“It doesn’t make sense for very large ships to call at multiple ports. What the large carriers do is they contract out the feeder network to bring the cargo from those multiple ports into one location which is geographically well situated with regard to the East-West shipping lines,” said Wickramasinghe, citing Hambantota’s ideal location in the Indian Ocean.

02:14

Sri Lanka secures long-awaited US$2.9 billion IMF bailout after China-backed debt-restructuring plan

Sri Lanka secures long-awaited US$2.9 billion IMF bailout after China-backed debt-restructuring plan

Chinese role in debt ‘grossly exaggerated’

Palitha Kohona, Sri Lanka’s ambassador to China from 2020-23, told This Week in Asia that it was unsurprising that the two countries had forged strong ties in trade, port management and other areas.

“It was not unusual that Sri Lanka, like many other developing countries, decided to work with Chinese companies due to China’s advanced skill levels, stunning technology and cost advantages,” Kohona said.

“The Chinese role in Sri Lanka’s debt is grossly exaggerated and exploited mischievously for political advantage. But, today it is becoming a valuable maritime asset with the [Hambantota] port gaining the status of the major transshipment port for vehicles in the region”.

When Hambantota was first established, its lack of proper bunkering facilities was believed to be a major drawback in attracting ships to the port.

But the recent entry of China’s oil giant Sinopec into the petroleum retail, petroleum refining and bunkering business in Sri Lanka “will be a game-changer”, Kohona said.

In November 2023, Sri Lanka’s cabinet approved Sinopec’s development of a US$4.5 billion oil refinery flanking Hambantota. When completed, the refinery will be the largest foreign direct investment ever in Sri Lanka.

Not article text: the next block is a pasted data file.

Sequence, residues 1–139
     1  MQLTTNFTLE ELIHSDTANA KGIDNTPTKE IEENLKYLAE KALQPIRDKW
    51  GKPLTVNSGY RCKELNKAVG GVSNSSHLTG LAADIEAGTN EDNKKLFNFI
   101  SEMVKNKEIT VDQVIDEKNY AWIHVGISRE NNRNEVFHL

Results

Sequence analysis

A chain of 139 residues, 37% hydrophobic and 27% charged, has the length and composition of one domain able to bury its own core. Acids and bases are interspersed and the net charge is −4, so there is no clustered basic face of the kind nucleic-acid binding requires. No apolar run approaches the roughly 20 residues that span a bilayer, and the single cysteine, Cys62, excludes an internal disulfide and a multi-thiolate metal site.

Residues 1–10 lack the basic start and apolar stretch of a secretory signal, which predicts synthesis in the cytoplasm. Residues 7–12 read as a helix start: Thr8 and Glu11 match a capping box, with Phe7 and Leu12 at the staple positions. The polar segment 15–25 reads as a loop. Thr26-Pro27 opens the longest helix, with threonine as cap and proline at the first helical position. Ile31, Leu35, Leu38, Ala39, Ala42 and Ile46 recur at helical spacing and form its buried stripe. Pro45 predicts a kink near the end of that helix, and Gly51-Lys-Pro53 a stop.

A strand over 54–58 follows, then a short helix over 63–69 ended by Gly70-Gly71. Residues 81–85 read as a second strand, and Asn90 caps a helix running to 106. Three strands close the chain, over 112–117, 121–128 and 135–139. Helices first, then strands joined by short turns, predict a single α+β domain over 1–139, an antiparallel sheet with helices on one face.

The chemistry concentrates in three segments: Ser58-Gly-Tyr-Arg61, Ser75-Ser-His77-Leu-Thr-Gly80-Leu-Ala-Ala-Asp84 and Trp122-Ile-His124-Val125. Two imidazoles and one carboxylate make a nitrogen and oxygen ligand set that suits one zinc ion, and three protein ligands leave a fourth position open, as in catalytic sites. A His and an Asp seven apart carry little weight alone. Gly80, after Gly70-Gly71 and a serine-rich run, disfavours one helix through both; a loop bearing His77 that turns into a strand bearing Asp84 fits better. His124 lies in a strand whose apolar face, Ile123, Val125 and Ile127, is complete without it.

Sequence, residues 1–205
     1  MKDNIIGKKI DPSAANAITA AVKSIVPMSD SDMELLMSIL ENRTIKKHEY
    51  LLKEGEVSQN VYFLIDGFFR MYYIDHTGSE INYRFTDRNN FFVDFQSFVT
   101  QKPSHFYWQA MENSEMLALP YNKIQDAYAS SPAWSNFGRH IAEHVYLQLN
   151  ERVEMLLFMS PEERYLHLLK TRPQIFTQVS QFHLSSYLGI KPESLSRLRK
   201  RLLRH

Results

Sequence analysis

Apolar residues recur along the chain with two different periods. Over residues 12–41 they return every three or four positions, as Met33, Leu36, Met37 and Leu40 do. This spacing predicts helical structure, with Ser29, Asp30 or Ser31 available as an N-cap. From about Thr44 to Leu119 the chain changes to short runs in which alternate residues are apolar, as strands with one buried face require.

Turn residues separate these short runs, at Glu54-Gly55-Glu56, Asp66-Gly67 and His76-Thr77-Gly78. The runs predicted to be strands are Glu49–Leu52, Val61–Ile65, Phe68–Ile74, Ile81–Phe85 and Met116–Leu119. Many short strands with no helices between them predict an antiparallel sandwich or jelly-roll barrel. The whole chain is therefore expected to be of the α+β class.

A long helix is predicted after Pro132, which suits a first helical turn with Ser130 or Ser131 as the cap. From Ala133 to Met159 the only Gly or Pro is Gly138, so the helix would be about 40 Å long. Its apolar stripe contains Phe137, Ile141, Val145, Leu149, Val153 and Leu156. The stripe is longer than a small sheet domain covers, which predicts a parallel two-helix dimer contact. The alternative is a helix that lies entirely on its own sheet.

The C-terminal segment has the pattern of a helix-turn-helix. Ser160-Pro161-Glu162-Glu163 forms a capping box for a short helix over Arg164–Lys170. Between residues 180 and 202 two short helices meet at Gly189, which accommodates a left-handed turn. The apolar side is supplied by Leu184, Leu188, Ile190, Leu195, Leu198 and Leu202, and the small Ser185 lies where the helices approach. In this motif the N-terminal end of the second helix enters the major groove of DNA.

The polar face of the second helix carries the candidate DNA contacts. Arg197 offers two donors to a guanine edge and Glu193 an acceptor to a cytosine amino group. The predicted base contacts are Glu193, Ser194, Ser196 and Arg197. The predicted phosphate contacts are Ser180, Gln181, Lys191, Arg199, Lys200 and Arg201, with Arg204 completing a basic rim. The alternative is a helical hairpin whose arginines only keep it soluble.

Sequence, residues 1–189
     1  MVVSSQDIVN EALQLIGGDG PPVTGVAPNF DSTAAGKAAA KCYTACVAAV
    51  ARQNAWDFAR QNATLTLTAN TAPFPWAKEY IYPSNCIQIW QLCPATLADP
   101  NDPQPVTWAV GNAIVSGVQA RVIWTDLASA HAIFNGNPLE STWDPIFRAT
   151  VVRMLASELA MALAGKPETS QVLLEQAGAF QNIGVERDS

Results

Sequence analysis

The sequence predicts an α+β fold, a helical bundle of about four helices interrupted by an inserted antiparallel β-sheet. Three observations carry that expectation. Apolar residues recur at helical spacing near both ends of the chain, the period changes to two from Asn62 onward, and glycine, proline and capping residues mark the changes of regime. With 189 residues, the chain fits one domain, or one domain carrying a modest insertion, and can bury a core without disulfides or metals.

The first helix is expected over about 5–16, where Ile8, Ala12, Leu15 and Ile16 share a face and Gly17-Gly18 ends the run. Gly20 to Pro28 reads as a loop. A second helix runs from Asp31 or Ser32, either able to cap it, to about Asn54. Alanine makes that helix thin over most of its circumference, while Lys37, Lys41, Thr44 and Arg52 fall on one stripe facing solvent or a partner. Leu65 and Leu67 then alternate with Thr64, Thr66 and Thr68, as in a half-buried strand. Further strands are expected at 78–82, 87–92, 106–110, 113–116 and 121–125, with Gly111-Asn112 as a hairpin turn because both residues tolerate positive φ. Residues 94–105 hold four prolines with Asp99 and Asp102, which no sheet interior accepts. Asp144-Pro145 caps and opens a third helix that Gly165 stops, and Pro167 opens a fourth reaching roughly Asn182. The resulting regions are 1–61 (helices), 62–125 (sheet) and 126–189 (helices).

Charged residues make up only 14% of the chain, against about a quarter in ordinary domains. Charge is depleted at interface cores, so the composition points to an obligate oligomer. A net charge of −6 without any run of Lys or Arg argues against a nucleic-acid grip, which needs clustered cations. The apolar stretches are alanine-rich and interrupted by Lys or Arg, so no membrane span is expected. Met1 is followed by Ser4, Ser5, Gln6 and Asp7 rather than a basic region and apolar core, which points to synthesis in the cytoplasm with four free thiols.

An LNG carrier at Sinopec Tianjin LNG receiving station. The Chinese oil giant’s entry into the refining and bunkering business in Sri Lanka is set to be a game changer. Photo: Xinhua

The port handled nearly 600,000 tonnes of bunkering business last year after HIPG leased its bunkering facility to Sinopec, Wickramasinghe said.

“Ships don’t necessarily have to come into the port to do bunkering. There are barges that come and take oil from here and then go and supply the ship.

“Once that refinery starts here, it will be a big boost to the operations of this port because all imported crude oil and refined products meant for export have to go through our port,” Wickramasinghe added.

Apart from being the port of call for transshipment and oil bunkering, Hambantota also has the potential to become a cruise hub. According to Wickramasinghe, “almost all cruise vessels that call out of Colombo also call here”.

So far this year, 10 cruise ships have called at Hambantota including Serenade of the Seas, one of the world’s largest cruise ships, and those sailing from India, Thailand and the Maldives.